Immigration to Israel by Jews from Western countries has been growing over recent years. Jerusalem attracts more of these mainly religious immigrants than any other city in Israel, and many choose to live in the Baka neighbourhood. These lifestyle/homecoming migrants come to Israel for religious and ideological reasons, seeking a sense of belonging to place. Paradoxically, such belonging is only found, I argue, when living in a community of expatriates who share a similar culture, background, ideology and lifestyle. The article focuses on the aspects in which sociabilities of Anglo and French immigrants are being formed in Baka, through either real-life or virtual means. The Anglo and French ‘bubbles’ in Baka, which are separate from each other, are formed through people’s daily routines. People meet and communicate in synagogues, parks, shops, educational institutions, at cultural events, with Facebook contacts and more. The bubbles are both functional and limiting. While they enable immigrants to find support as they deal with the difficulties of immigration, they also make it harder to assimilate into Israeli society. While migrants gain a sense of belonging in their new locale, they do so from within the bubble and remain strangers outside of it.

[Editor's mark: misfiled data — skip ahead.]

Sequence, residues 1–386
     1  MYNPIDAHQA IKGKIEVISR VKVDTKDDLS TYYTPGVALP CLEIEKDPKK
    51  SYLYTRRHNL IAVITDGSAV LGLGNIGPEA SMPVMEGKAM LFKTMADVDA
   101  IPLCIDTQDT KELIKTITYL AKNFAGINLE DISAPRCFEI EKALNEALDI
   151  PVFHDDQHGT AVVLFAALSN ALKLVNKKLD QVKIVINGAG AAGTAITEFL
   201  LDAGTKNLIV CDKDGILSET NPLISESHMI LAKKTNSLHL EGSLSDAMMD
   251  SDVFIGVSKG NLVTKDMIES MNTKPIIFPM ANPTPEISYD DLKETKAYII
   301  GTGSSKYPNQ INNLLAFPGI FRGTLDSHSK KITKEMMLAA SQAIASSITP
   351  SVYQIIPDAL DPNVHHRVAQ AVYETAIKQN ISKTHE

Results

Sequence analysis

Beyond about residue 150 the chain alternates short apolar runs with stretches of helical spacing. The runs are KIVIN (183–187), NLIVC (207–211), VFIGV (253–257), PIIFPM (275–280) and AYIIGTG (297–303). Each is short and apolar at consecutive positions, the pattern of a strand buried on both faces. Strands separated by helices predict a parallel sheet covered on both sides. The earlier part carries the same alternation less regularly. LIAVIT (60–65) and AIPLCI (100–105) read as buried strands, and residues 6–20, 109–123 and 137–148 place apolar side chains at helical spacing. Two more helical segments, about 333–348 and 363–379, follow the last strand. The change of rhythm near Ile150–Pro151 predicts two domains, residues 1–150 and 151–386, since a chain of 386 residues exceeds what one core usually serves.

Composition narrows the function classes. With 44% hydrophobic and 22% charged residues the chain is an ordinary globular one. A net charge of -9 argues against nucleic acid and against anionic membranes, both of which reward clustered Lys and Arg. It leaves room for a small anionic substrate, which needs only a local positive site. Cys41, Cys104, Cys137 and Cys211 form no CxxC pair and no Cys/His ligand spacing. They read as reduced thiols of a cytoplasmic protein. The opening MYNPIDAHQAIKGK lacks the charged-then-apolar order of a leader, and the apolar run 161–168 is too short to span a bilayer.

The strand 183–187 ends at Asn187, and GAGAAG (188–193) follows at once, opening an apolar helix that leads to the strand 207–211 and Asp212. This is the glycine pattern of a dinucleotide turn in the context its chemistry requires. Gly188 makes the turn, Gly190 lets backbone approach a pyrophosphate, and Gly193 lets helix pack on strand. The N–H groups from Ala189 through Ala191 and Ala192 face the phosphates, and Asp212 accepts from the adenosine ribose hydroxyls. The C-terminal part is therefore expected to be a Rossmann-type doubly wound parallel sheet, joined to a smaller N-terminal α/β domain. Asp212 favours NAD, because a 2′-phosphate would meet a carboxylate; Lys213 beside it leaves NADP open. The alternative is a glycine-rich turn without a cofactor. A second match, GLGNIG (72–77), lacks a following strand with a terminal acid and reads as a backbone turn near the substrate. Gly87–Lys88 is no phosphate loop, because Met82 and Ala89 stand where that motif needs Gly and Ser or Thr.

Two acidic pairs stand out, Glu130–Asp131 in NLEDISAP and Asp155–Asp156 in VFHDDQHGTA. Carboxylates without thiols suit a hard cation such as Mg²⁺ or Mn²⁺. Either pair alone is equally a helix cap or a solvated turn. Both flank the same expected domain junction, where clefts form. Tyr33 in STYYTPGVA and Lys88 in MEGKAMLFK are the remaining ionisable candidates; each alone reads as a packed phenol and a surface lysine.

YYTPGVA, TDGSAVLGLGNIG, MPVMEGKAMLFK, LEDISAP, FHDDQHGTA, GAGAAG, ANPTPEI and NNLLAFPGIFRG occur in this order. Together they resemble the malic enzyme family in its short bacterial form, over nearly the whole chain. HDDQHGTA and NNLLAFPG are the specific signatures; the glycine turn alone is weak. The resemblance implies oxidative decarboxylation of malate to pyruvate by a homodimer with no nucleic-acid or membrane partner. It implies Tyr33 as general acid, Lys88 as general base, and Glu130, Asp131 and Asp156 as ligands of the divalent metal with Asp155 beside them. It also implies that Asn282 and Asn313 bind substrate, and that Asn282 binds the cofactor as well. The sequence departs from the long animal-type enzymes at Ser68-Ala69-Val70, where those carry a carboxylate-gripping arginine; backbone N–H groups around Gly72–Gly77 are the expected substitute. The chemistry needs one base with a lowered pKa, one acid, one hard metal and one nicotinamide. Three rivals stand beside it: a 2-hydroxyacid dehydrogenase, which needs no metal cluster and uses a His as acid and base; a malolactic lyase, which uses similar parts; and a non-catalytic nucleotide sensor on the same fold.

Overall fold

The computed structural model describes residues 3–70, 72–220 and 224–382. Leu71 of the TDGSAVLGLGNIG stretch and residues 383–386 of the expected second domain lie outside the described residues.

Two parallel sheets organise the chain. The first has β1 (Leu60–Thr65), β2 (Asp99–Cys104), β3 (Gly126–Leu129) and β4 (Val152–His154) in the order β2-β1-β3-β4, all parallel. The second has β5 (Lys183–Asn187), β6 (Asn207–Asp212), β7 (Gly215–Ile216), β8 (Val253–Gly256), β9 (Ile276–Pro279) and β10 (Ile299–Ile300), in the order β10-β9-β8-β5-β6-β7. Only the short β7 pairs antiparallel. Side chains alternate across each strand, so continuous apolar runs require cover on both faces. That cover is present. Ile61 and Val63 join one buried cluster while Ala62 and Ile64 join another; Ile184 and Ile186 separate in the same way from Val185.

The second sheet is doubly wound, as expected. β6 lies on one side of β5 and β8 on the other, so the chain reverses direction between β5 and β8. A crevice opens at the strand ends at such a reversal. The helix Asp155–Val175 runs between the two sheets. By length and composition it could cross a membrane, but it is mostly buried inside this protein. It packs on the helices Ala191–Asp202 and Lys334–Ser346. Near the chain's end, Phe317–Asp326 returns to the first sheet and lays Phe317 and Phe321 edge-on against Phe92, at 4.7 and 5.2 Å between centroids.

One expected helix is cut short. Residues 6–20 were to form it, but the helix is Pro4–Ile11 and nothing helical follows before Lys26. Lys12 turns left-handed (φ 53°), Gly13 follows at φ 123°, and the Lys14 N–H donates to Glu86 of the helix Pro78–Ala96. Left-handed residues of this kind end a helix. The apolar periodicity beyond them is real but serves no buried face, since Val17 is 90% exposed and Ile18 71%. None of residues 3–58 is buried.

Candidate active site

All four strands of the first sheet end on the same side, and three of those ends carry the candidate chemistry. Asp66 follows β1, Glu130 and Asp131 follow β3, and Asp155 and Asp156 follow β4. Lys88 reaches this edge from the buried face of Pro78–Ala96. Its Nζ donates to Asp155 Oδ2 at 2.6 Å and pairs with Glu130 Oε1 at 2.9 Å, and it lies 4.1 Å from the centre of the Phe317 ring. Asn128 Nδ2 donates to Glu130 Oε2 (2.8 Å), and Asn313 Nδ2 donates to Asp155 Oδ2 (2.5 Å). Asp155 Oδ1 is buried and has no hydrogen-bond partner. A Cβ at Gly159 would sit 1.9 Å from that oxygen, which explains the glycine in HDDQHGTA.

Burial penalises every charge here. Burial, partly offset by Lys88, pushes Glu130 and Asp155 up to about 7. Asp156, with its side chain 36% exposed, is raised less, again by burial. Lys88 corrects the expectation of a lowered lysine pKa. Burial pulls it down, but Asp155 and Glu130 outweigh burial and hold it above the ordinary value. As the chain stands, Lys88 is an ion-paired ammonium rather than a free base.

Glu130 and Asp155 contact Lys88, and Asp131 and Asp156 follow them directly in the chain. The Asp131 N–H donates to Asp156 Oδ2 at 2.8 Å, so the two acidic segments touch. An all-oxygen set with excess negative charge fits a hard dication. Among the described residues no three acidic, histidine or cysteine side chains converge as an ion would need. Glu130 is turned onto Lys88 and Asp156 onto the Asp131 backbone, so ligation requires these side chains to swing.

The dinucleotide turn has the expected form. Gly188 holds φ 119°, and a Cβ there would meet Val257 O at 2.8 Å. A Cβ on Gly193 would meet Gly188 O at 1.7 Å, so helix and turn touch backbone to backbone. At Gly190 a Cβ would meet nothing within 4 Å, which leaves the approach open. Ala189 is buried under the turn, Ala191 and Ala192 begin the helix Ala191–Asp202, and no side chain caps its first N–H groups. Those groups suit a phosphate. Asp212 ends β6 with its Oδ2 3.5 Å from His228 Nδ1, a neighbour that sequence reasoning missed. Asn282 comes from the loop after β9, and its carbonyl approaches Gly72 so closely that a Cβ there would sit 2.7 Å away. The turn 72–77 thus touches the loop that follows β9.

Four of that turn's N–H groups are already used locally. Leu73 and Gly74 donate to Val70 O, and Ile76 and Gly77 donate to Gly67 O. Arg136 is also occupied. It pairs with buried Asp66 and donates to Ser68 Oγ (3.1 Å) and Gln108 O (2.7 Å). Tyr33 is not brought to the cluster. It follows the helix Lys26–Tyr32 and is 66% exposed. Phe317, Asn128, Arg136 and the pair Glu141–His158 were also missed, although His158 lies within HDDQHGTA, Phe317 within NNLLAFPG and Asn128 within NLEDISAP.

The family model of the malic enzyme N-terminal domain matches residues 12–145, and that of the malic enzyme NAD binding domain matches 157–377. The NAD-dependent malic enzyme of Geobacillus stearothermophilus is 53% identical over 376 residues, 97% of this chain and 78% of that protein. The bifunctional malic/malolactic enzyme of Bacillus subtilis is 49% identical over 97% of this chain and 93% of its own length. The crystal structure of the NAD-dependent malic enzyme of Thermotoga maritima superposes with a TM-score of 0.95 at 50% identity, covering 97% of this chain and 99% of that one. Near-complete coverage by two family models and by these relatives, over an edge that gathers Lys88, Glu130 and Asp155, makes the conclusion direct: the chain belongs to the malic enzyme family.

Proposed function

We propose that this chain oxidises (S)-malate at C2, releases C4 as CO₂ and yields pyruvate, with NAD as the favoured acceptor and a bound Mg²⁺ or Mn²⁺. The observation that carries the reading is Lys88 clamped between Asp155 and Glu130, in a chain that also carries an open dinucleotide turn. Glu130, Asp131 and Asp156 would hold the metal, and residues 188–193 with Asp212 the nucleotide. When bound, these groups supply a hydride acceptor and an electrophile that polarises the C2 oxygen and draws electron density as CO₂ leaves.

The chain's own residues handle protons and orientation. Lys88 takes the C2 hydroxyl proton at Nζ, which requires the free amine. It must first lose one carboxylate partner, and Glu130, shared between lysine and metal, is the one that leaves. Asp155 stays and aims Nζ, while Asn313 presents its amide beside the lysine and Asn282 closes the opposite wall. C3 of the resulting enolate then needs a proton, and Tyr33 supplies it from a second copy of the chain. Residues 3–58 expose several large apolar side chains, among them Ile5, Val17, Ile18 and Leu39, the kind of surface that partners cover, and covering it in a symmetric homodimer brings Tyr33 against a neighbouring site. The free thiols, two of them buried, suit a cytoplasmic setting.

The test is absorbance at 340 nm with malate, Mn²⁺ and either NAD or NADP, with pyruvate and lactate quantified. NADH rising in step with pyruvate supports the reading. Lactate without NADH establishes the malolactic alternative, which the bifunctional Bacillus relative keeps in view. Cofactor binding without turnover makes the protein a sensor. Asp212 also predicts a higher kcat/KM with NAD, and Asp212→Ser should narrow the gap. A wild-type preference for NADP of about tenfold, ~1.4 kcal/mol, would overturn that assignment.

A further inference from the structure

|Number of pages||19|
|Journal||Journal of International Migration and Integration|
|State||Published - 1 Nov 2015|
- Ethnic enclave
- Lifestyle migration
ASJC Scopus subject areas
- Cultural Studies